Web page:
The practice of taking in primates as pets, apart from posing serious threats to the health of both the animals and their owners alike, is foolish and irresponsible, and deserves to be prohibited within the United States.

Apart from the high costs and unexpected damages that come with primate ownership, humans with such pets are at a greater risk of catching the deadly Herpes B virus, and leaving the animals they intend to care for with long-lasting psychological issues.

No matter the species, whether a capuchin, spider monkey, macaque or marmoset, primates are wild animals, and belong in a wild habitat. They simply cannot flourish in a human home, yet the unscrupulous trade and transportation of these animals continues in our country to this day.

According to National Geographic, it's anything but difficult to find a primate for sale online, even some of the more endangered species can be procured for upwards of $50,000. And the Animal Welfare Act, the U.S. clearing house of animal protection rules, lends hardly any sense of security to primates, only dictating the minimum enclosure size.

People who take in primates as pets often wind up wishing they hadn't, with nothing but a pet in poor health and a home in disrepair. The dangers of keeping a monkey are more than enough to warrant a nationwide ban on the ownership of any primate as a pet, no matter the species. I urge you to put this ban before a congressional committee immediately, and help us prevent any more needless suffering.


Petition Signatures

May 26, 2018 Yolanda Bernhard
May 26, 2018 Jan Williams
May 26, 2018 Sandrine Drouet
May 26, 2018 Paola Donata Zanin
May 26, 2018 Kathy Hafter
May 25, 2018 Roberta Campbell
May 25, 2018 (Name not displayed)
May 25, 2018 Kristin Campbell
May 25, 2018 Paulette Zimmerman
May 25, 2018 Matteo Sisti
May 25, 2018 Traci Farden
May 25, 2018 Anna M
May 25, 2018 OSVALDO TOMAS
May 25, 2018 Sandi Bowen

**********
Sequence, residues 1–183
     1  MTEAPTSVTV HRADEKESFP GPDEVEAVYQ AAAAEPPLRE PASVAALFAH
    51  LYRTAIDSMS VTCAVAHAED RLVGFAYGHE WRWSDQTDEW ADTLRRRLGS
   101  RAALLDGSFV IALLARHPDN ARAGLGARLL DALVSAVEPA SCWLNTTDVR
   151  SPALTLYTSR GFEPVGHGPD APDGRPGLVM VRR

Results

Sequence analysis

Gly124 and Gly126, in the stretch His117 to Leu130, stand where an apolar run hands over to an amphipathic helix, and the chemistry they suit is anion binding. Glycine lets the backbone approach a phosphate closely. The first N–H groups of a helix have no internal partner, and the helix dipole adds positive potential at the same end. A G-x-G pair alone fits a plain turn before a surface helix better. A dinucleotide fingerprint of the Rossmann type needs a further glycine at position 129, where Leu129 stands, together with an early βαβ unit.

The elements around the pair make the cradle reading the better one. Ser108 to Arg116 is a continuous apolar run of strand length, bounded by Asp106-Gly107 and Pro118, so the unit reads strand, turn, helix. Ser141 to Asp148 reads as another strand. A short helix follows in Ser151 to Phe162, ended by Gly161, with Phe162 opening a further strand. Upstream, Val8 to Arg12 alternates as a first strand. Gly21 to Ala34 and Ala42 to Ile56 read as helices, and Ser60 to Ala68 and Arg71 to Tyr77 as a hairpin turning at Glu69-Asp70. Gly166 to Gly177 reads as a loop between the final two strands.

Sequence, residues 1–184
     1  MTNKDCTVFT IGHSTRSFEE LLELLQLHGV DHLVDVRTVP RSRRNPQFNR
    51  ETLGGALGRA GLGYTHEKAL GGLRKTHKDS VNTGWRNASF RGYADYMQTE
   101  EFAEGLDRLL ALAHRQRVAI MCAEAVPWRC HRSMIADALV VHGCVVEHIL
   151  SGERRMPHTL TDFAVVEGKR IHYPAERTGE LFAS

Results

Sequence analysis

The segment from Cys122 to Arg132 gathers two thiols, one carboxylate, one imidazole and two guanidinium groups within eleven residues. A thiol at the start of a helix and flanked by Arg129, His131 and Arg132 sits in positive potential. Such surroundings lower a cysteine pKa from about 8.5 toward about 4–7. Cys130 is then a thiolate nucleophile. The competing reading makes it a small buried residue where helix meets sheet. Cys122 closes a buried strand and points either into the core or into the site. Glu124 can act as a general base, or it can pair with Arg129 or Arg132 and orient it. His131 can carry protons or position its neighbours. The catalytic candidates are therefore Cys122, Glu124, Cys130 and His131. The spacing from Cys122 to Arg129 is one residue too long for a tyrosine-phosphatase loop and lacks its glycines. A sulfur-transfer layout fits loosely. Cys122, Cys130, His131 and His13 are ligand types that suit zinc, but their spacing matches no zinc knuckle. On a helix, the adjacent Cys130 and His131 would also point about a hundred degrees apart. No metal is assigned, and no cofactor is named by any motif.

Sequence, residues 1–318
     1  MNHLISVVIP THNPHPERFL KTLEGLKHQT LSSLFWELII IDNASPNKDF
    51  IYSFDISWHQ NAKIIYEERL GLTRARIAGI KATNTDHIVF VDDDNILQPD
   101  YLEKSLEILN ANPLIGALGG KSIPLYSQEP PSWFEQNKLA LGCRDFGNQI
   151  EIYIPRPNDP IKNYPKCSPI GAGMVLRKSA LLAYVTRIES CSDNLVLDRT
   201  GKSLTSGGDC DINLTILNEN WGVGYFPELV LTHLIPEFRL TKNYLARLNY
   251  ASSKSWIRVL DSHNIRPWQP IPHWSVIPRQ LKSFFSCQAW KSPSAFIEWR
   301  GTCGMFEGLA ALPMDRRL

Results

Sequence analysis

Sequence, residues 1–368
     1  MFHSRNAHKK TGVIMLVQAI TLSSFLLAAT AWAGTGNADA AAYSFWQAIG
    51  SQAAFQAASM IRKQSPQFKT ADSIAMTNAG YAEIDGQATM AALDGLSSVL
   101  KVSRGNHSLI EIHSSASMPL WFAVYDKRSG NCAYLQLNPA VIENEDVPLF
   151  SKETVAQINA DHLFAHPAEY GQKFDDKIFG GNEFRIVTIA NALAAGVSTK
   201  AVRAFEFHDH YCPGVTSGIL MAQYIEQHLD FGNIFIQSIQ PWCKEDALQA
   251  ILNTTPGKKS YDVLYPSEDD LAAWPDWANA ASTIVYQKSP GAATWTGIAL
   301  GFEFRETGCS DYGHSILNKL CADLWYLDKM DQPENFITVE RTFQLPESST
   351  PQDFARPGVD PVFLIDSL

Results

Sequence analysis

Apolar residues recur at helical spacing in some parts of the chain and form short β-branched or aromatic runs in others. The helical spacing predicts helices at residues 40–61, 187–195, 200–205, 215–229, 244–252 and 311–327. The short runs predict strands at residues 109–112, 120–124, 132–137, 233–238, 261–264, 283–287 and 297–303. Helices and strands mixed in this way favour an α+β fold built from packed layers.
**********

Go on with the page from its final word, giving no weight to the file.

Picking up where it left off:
May 25, 2018 Julie Rubio
May 25, 2018 Inna Bogorodska
May 25, 2018 (Name not displayed)
May 25, 2018 Gilberto Simao
May 25, 2018 (Name not displayed)
May 25, 2018 Judy Head
May 25, 2018 Natasja Welthagen
May 25, 2018 Judit Flohr
May 25, 2018 ingrid kozaczek
May 25, 2018 Mervi Lampinen
May 24, 2018 Renata Mendes de Sa
May 24, 2018 Connie Celestino
May 24, 2018 Cameron Golaszewski
May 24, 2018 elisha majors please stop hunting monkeys or ELSE I WILL HUNT YOU!!!!!!!!!!!!!!!!!!!!!!!!!!!!!!!!!!!!!!!!!!!!!!!!!!!!!!!!!!!!!!!!!!!!!!!!!!!!!!!!!!!!!!!!!!!!!!!!!!!!!!!!!!!!!!!!!!!!!!!!!!!!!!!!!!!!!!!!!!!!!!!!!!!!!!!!!!!!!!!!!!!!!!!!!!!!!!!!!!!!!!!!!!!!!!!
May 24, 2018 Valerie Loyd
May 24, 2018 Catherine Livingston
May 24, 2018 Alan Edgerton
May 24, 2018 Stacey Lightfoot
May 24, 2018 Osamu Watanabe
May 24, 2018 Andrea Tuckett
May 24, 2018 Ann Kristin Rasch
May 23, 2018 Shannah Tenner
May 23, 2018 Roseann Maziarek
May 23, 2018 Marina Castro
May 23, 2018 Carla Patterson
May 23, 2018 angela humphries
May 23, 2018 jeanette capotorto
May 23, 2018 (Name not displayed)
May 23, 2018 German Ribada Serrano
May 23, 2018 Teresa Smith
May 23, 2018 Daniella Macor
May 23, 2018 Saliha BELKHIR
May 23, 2018 Catherine Favre
May 23, 2018 SANDRA ROCHA
May 22, 2018 Judy Sweatland
May 22, 2018 Alyssa Melton